Oxygen therapy has always been a critical part of resuscitation to prevent the well-documented harm caused by tissue hypoxia. The concept of more-is-better naturally became the standard practice for most emergency physicians when it came to oxygen delivery, especially in our newly intubated patients. Rarely do we return to the ventilator to turn down FiO2. This practice pattern developed despite the documented negative effects of hyperoxia via free radical production. (Chest 1972;62:162; Chest 2001;120:467.)
Recent research focusing on the potential harm caused by hyperoxia cannot be ignored. Kilgannon, et al., studied a large, multicenter cohort to look at the initial blood gas obtained in the ICU on resuscitated cardiac arrest patients and found a significantly higher in-hospital mortality for patients with a PaO2 of 300 mm Hg or greater. (JAMA 2010;303:2165.) A subsequent study performed by the same group showed a linear correlation between increasing oxygen tension and in-hospital mortality and an inverse relationship with functionally intact survival. (Circulation 2011;123:2717.) Similar findings have been demonstrated in patients undergoing therapeutic hypothermia after cardiac arrest. (Crit Care Med 2012;40:3135; Crit Care Resusc 2013;15:186; Am J Emerg Med 2014;32:55.)
The adverse effects of hyperoxia have been shown in a multitude of neurologic pathologies as well. Brenner, et al., looked at more than 1,500 patients with traumatic brain injury and found that high PaO2 (greater than 200 mm Hg) within the first 24 hours of hospital admission significantly correlated with higher mortality and lower discharge GCS scores compared with patients with normal oxygen levels. (Arch Surg 2012;147:1042.) The probability of being exposed to hyperoxia was independently associated with higher in-hospital mortality in another retrospective, multicenter study of more than 1,200 TBI patients. (J Neurol Neurosurg Psychiatry 2014;85:799.)
These results do not seem to be limited to TBI, either. Jeon, et al., looked at patients with spontaneous aneurysmal subarachnoid hemorrhage and found that exposure to high oxygen levels was associated with an increased risk for delayed cerebral ischemia and poor outcome. (J Neurol Neurosurg Psychiatry 2014;85:1301.)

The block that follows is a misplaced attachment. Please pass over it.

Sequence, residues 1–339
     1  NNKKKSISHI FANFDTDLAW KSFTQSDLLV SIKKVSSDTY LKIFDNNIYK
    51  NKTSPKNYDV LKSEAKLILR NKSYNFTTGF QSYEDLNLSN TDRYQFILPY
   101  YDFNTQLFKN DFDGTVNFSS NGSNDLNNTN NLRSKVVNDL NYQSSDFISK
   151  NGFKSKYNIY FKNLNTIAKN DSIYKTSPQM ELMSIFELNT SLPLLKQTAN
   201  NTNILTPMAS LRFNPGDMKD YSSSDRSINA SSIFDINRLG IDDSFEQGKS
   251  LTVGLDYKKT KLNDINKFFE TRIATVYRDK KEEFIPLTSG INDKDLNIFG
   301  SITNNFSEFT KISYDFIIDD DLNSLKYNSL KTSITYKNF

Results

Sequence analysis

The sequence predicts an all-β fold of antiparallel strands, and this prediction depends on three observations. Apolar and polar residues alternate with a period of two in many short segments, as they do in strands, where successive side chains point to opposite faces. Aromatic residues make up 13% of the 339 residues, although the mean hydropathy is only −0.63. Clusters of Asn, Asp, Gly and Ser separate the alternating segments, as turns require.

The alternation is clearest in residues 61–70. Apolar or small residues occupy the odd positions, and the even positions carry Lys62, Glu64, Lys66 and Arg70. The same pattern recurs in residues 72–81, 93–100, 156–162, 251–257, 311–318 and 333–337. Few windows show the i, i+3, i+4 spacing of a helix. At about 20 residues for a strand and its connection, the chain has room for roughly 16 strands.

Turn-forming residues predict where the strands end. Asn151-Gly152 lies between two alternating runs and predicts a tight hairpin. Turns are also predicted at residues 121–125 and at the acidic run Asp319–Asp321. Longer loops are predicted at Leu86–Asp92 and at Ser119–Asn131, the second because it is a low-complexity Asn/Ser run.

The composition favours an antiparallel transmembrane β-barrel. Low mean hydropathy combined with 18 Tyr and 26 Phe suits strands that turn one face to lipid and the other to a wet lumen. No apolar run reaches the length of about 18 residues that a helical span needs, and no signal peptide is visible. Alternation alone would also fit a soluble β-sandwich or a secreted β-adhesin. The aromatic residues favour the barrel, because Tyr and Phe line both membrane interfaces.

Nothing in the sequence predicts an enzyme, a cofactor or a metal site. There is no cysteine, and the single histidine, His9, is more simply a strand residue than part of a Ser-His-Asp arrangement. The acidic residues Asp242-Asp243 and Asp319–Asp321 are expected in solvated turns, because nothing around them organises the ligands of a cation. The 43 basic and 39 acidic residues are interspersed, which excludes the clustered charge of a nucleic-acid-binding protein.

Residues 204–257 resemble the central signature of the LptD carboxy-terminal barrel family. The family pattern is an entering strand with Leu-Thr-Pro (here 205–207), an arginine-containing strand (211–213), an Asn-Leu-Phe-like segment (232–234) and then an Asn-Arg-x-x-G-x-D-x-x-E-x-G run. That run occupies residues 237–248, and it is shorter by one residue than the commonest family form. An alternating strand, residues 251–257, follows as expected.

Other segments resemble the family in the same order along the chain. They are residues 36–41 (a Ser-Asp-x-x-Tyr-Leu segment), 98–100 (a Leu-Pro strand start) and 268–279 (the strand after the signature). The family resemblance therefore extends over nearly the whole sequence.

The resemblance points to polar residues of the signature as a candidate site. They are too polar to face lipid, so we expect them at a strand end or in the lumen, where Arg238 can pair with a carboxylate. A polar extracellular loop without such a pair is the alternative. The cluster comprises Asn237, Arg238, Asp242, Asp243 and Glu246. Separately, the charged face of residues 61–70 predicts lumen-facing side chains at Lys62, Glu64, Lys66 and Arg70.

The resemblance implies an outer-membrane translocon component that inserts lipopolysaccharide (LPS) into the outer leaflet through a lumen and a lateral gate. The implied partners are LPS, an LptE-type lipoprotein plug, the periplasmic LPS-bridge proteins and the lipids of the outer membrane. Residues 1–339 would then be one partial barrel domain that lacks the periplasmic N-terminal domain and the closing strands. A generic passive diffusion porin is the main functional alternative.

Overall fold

Authors in the recent CLOSE trial — the first randomized, controlled trial of conservative versus liberal oxygenation strategies — demonstrated the need for more focus on hyperoxia. (Am J Respir Crit Care Med 2016;193:43.) Researchers randomized 103 primarily medical patients who were newly intubated and thought to require extended ventilation to a conservative oxygenation strategy (target SpO2 of 88-92%) or a liberal oxygenation strategy (target SpO2 ≥ 96%). The protocol was successful in producing a clear separation between conservative and liberal oxygenation strategies. The authors found no difference in a multitude of secondary safety outcomes, including ventilator-free days and ICU days as well as 90-day mortality. The data obtained from the study demonstrate not only the safety but the need for further randomized, controlled trials directed at outcomes.
What does this all mean for our day-to-day practice in the ED and ICU? For now, our focus during airway management should remain the avoidance of hypoxemia with the very liberal use of supplemental oxygen — the more the better — until further research becomes available. Once the airway is established, however, we should be vigilant and active in aggressive titration of FiO2, especially in patients with neurological disease or post-cardiac arrest. At supra-physiologic levels, oxygen may have toxic effects. The specific goals for saturation and PaO2 are not yet well-defined, but we believe it is reasonable to titrate the FiO2 down to the lowest level that will maintain a saturation greater than 96 percent.
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